• Where are stem cells located?

    Stem cells are found in different places in our bodies, for example, in the bone marrow, brain and teeth. We have stem cells throughout the body, but there are few tissues that have as high density stem cells as the umbilical cord and placenta.

  • Which clinics cooperate with Cellaviva?

    We have contacted all clinics in Sweden. Our hope is to cooperate with all clinics and offer Cellaviva’s services throughout Sweden. We offer trainings to all staff at obstetrics and maternity care in how the collection is done. Please contact us if you have any questions regarding the collaboration with the clinic where you plan to give birth.

  • Does Cellaviva compete with the national blood bank for umbilical cord blood?

    In many countries, both public and private biobanks co-exist and they work well together. We feel that our biobank is complementary. The national umbilical cord blood bank’s need for donations is less than 1% of the births, and family saving is approx 2-5% of births in countries comparable to Sweden. Donation is possible at two different hospitals, but family saving can be done throughout Sweden, provided the clinic is willing to help the parents with the collection of the blood.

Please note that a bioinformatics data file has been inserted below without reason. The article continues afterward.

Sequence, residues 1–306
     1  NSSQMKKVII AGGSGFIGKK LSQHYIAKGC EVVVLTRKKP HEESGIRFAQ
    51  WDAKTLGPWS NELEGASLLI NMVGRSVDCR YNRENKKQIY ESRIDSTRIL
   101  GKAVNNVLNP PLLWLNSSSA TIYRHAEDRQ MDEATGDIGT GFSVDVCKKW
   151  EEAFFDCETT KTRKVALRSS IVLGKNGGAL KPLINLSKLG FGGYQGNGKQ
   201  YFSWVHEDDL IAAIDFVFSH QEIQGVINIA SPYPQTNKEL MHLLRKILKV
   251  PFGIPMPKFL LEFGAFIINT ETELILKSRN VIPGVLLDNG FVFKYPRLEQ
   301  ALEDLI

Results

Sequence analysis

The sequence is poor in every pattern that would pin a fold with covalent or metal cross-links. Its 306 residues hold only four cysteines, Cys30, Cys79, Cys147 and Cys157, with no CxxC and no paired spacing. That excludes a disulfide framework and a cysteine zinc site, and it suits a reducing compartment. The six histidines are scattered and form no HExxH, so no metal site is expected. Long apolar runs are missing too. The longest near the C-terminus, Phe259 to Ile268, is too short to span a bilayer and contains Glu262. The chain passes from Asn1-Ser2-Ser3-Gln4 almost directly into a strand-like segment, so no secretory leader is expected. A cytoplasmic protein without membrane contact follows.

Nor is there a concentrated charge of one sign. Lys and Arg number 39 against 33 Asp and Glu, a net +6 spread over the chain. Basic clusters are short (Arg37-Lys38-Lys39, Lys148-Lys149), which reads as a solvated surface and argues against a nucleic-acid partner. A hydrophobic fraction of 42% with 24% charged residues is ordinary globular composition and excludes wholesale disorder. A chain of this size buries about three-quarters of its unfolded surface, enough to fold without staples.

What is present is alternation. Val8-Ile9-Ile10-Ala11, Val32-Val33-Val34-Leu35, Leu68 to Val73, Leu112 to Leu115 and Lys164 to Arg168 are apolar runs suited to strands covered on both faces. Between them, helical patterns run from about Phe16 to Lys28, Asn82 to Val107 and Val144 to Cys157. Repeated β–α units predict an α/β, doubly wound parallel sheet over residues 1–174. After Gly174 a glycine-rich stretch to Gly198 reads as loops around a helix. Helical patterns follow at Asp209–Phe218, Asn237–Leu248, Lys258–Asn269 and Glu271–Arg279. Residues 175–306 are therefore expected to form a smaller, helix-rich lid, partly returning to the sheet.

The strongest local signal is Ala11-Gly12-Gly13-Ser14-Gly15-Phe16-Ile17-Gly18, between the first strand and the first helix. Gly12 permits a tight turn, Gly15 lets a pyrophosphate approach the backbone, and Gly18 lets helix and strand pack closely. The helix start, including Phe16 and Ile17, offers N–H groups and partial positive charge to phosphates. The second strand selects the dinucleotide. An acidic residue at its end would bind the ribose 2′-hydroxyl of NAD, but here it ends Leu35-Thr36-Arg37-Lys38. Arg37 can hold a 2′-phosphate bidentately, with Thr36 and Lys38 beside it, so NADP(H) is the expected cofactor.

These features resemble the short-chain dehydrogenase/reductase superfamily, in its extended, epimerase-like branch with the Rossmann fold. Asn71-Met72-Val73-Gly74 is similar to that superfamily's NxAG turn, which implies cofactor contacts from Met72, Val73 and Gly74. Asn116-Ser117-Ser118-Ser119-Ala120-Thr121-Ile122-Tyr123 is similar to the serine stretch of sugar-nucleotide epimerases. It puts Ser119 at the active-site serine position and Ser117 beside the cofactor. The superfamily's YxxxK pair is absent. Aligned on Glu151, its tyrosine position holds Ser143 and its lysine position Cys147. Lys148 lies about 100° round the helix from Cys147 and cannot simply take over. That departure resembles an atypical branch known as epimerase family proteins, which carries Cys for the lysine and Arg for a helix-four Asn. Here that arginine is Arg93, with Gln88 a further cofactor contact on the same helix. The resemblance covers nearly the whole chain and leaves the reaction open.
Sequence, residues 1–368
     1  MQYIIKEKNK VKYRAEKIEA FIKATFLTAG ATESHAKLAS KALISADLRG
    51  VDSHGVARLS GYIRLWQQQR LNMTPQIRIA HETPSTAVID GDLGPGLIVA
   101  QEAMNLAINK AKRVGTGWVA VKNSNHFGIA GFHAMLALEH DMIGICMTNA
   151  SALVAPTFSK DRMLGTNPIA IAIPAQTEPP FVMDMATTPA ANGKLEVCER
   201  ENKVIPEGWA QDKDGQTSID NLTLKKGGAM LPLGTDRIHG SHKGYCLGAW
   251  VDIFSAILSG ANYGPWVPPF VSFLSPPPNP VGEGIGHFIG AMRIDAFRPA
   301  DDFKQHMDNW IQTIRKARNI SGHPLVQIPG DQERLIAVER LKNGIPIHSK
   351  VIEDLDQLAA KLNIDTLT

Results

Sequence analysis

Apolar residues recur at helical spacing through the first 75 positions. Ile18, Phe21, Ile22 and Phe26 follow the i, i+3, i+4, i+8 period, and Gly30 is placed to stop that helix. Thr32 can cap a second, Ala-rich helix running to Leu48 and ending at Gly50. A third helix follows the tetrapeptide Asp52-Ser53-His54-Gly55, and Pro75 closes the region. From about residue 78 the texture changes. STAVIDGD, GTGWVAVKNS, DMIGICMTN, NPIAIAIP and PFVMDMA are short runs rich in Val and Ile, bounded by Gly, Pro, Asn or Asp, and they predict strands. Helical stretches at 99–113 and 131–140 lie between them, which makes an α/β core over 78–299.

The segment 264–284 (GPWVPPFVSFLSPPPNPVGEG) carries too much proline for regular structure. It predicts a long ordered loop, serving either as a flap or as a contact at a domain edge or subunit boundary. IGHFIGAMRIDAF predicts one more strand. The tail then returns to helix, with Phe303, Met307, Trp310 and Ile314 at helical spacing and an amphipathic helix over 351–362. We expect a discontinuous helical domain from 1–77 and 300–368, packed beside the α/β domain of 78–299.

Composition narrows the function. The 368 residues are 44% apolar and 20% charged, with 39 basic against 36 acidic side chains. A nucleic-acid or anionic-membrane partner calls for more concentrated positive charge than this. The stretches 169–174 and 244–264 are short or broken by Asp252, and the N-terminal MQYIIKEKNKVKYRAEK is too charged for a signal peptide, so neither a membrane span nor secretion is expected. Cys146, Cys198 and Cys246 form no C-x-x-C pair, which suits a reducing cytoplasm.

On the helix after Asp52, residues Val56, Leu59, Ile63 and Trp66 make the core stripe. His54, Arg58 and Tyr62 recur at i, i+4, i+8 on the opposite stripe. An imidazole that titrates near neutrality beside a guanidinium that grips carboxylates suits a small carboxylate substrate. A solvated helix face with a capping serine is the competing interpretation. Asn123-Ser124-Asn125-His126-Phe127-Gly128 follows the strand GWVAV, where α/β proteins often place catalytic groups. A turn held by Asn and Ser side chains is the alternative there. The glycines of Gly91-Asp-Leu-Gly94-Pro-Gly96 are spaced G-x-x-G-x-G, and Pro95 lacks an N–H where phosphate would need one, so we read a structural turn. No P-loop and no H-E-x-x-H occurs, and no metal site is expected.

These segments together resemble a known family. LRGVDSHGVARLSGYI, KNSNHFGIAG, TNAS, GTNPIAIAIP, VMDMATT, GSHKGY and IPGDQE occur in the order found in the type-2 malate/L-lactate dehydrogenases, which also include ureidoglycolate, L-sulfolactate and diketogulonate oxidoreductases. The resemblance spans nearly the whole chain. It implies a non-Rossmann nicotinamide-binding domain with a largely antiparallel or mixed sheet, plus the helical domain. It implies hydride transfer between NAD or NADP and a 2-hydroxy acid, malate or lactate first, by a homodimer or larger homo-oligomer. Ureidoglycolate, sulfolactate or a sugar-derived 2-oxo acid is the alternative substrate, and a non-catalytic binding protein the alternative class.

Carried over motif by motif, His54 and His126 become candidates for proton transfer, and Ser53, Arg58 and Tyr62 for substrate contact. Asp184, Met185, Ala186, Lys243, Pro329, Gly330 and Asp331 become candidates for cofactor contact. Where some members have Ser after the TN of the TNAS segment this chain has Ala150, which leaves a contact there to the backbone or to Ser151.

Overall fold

• Who is the licensor?

    The Health and Social Care Inspectorate (IVO) is the licensor and regularly inspects Cellaviva. We comply with high quality requirements to ensure that the handling of stem cells is performed satisfactorily and of high quality. The quality and routines are according to the tissue laws.

  • What about the research?

    There is research in a variety of treatment areas and diseases, such as diabetes, cerebral palsy, autism and brain damage. More than 200 clinical studies on stem cells from umbilical cord blood and umbilical cord tissue are estimated to aim at finding new treatments for regenerative and transplant medication. Read more here